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Charlize Theron Addresses Set Tension With ‘Mad Max: Fury Road’ Co-Star Tom Hardy: ‘I Didn’t Feel Safe’

New details about the tense atmosphere between the two stars surfaced in the new book ”Blood, Sweat & Chrome“

When “Mad Max Fury Road” was released back in 2015, its two stars, Charlize Theron and Tom Hardy, admitted that they were at each other’s throats during filming. Now, new details are surfacing in a new book about just how ugly it got between the two of them.

New York Times pop culture reporter Kyle Buchanan spoke with over 100 cast and crew members who worked on George Miller’s Oscar-winning blockbuster to write the new oral history book “Blood, Sweat & Chrome: The Wild and True Story of Mad Max: Fury Road.” In the film, Theron plays Imperator Furiosa, a post-apocalyptic warrior who betrays her tyrannical leader Immortan Joe to save the young women he keeps as breeders.

But her escape plan takes an unexpected turn when she encounters Max Rockatansky (Hardy), forcing them to work together despite their initial distrust to escape Immortan Joe’s clutches.

In interviews, Theron and Hardy said that life imitated art as they had a great deal of animosity towards each other during the early stages of filming. But in a new excerpt of “Blood, Sweat & Chrome” published by Vanity Fair, crew members revealed that it got so bad that Theron asked one of the producers to be with her at all times as protection against Hardy.

Early in the film, when Max and Furiosa meet for the first time and promptly get in a fistfight over control of Furiosa’s War Rig, Hardy and Theron did not speak to each other through the entire shooting of the scene.

“Tom would want justification for every bit of choreography, not just in the actual action but in the pre-setup of the action and everything else,” said cast member Richard Norton. “Charlize, her basic want is simple: I just want to f—ing kill him. Let’s shoot it.”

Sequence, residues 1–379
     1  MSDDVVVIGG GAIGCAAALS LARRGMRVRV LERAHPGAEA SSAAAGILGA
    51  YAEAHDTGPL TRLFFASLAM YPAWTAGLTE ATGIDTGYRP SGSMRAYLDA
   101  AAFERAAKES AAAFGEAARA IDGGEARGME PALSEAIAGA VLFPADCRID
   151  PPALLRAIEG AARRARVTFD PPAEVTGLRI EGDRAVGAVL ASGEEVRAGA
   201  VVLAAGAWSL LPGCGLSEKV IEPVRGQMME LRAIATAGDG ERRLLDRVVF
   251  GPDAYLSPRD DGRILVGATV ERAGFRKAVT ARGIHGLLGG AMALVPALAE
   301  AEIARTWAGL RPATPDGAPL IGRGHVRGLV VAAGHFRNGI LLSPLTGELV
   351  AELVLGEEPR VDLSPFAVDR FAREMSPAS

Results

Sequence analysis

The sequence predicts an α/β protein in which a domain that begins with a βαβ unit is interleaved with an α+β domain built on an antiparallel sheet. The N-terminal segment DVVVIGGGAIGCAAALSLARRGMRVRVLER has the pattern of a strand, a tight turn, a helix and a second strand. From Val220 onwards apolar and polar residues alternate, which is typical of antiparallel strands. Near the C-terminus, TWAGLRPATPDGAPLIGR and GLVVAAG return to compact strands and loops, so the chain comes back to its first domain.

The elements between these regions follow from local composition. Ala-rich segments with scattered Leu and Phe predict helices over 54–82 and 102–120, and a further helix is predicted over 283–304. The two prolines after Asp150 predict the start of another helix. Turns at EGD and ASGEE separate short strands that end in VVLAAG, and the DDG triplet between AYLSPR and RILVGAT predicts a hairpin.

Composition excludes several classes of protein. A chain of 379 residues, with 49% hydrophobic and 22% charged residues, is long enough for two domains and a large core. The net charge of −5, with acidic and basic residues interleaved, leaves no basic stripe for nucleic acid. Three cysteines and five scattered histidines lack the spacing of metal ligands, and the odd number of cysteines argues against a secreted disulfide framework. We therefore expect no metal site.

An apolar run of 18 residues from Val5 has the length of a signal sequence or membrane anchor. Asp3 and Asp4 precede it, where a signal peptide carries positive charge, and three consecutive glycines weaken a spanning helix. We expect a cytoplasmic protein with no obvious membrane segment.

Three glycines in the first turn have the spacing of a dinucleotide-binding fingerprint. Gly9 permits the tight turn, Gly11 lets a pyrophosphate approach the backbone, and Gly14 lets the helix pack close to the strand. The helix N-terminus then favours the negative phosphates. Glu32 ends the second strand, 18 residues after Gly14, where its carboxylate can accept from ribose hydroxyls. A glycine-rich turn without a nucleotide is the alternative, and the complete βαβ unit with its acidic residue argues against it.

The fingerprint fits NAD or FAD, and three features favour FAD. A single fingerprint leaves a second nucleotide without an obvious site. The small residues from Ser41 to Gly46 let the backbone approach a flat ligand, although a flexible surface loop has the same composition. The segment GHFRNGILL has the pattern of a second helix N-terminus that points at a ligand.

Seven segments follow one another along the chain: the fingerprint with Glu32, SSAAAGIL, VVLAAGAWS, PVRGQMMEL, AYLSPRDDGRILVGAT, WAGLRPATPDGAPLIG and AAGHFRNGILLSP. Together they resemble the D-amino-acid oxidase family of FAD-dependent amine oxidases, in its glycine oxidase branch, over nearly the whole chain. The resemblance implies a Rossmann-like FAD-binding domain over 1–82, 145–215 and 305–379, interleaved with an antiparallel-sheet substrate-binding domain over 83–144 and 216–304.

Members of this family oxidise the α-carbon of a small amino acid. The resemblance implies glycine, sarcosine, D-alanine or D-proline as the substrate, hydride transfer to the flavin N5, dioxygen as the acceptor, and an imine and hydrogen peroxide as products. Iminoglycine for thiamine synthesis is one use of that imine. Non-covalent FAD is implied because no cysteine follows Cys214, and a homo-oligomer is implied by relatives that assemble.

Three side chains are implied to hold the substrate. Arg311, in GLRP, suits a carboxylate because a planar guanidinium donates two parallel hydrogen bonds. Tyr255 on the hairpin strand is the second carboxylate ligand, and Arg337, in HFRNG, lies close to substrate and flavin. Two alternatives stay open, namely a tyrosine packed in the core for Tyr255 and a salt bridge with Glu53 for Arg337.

“We get dailies sometimes for specific sequences if we need to cut a shot longer, and some of that was the chain-wrench fight by the tanker,” said editor J. Houston Yang. “And boy f—ing howdy, was it clear that those two people hated each other. They didn’t want to touch each other, they didn’t want to look at each other, they wouldn’t face each other if the camera wasn’t actively rolling.”

Theron herself recalls in the book the moment that her feud with Hardy hit its boiling point. The actress, who had just given birth to her first child at the time, was focused on keeping shoots on schedule so she could devote time to parenting.

Hardy, on the other hand, was constantly late to the set, and when he showed up one day three hours after Theron and the rest of the crew, his co-star had enough.

“She jumps out of the War Rig, and she starts swearing her head off at him, saying, ‘Fine the f—ing c— a hundred thousand dollars for every minute that he’s held up this crew,'” recalled camera operator Mark Goellnicht. “She was right. Full rant. She screams it out. It’s so loud, it’s so windy—he might’ve heard some of it, but he charged up to her up and went, ‘What did you say to me?'”

“It got to a place where it was kind of out of hand, and there was a sense that maybe sending a woman producer down could maybe equalize some of it, because I didn’t feel safe,” added Theron.

Both Theron and Hardy, as well as George Miller, expressed regret that they allowed the situation to get as out of hand as it did.

“There are things that I feel disappointment with about the process. Looking back, if I had to do it again, I would probably be more mindful,” Miller said.

“The pressure on both of us was overwhelming at times. What she needed was a better, perhaps more experienced partner in me. That’s something that can’t be faked. I’d like to think that now that I’m older and uglier, I could rise to that occasion,” Hardy said.

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